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The Higgs Boson Explained (Well, Almost)

From via Astronomy Picture of the Day.


On our last day away we visited Oxford.

You can overdose on mediƦvality there but you can’t go to Oxford and not photograph this if you see it. (The van does kind of ruin it though.)

Bridge of Sighs, Oxford, Oxfordshire

On a wall in High Street, Oxford, I noticed this plaque.

Boyle & Hooke Plaque, Oxford, Oxfordshire

It commemorates Robert Hooke, he of the eponymous law on elasticity, and Robert Boyle who formulated the Gas Law and was the first to use the word cell in connection with living things.

I didn’t stumble on Oxford’s War Memorial but there was some stunning Art Deco (to come in a later post.)

The Higgs Field

I’m not a physicist so I can’t pretend to understand subatomic particles in any but a superficial way but now that some evidence from the Large Hadron Collider has been adduced for the Higgs boson I must confess it seems a bit weird.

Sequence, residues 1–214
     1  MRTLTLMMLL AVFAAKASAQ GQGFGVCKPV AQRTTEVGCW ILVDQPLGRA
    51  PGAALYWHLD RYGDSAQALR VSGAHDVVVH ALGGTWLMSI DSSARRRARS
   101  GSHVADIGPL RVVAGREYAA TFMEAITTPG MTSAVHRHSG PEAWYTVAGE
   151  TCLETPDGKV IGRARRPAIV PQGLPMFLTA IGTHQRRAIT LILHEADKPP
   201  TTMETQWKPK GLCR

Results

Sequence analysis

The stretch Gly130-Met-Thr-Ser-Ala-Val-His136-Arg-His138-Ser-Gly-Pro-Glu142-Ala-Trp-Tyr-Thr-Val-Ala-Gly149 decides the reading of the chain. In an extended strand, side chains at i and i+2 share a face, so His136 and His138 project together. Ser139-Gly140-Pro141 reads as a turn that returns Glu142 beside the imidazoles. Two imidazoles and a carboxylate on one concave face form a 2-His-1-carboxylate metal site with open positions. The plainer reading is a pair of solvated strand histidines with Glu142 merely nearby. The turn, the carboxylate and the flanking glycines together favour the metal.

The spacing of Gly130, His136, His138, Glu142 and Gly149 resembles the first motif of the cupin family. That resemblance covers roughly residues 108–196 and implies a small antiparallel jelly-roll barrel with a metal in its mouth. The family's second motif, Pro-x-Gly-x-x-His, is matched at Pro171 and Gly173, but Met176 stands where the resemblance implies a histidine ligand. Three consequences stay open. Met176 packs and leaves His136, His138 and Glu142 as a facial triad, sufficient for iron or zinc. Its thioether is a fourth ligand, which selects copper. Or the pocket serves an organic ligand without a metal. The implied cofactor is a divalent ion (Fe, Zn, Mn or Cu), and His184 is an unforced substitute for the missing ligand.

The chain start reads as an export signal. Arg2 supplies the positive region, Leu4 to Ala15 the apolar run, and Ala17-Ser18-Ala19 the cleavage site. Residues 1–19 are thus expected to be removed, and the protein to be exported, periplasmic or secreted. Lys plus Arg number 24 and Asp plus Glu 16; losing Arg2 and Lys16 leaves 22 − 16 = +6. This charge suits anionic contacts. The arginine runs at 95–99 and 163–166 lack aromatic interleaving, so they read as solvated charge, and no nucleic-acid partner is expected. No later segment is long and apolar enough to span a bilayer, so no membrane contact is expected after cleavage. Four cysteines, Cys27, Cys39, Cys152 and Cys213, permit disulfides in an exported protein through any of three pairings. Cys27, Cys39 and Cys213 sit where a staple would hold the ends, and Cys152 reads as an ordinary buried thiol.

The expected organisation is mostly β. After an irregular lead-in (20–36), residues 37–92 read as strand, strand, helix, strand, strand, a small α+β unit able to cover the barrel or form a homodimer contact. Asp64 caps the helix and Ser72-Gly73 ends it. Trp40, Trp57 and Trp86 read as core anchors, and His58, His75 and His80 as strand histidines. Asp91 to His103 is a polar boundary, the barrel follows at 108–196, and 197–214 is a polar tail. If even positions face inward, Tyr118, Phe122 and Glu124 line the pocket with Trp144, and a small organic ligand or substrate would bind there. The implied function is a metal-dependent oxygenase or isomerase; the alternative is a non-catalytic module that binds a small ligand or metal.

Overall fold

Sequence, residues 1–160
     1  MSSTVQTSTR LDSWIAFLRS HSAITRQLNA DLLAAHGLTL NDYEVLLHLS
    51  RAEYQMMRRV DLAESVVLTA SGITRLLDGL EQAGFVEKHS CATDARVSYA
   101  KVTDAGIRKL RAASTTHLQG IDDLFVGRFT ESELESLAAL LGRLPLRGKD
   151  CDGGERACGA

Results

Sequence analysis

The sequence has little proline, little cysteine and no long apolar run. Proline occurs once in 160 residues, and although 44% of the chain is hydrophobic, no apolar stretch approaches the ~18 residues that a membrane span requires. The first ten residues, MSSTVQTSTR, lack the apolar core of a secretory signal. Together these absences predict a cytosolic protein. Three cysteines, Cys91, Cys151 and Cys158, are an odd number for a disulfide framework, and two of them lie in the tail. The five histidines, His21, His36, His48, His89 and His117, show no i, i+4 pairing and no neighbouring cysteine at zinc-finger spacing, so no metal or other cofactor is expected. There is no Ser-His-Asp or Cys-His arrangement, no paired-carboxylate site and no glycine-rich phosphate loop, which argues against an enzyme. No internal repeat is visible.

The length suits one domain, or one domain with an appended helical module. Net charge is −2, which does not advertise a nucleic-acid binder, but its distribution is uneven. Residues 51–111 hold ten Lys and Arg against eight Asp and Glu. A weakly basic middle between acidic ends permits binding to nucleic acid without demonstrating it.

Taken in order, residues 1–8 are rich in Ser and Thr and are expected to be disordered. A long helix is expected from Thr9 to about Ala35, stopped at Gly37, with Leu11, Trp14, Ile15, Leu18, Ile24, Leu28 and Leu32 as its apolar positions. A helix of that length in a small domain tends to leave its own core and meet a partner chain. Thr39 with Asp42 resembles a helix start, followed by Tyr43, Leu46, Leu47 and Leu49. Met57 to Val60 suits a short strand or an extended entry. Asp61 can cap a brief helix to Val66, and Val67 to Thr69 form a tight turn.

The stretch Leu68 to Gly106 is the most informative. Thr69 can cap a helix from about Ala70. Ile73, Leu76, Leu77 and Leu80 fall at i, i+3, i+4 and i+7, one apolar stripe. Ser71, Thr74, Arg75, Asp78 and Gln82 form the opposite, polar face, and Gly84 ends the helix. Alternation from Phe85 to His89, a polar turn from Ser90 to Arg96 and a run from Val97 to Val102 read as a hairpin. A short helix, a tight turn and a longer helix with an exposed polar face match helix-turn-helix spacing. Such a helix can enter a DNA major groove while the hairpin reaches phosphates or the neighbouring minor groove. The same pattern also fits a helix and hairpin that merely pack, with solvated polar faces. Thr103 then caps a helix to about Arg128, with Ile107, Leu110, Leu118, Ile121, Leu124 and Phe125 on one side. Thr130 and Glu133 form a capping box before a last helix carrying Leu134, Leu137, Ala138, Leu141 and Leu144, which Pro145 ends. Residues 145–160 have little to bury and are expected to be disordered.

Now, all subatomic physics is weird – solid objects are >99.99% empty space, they can behave like waves and like particles simultaneously, they seem to be in instantaneous communcation with each other all over the universe – but the action of the Higgs boson seems to be dependent on a field dragging on certain kinds of particles. Well such fields are fine, I can conceptualise magnetic, electrical and gravitational fields easily enough, but when I first heard it explained to me the Higgs field did seem to me to sound a bit like the 19th century concept of the luminiferous aether, long since discarded in favour of relativity and quantum theory.

If the Higgs is found to exist, fine, there’s another field to add to the list.

If it doesn’t, though, that’s a whole potentially more exciting new ball game.

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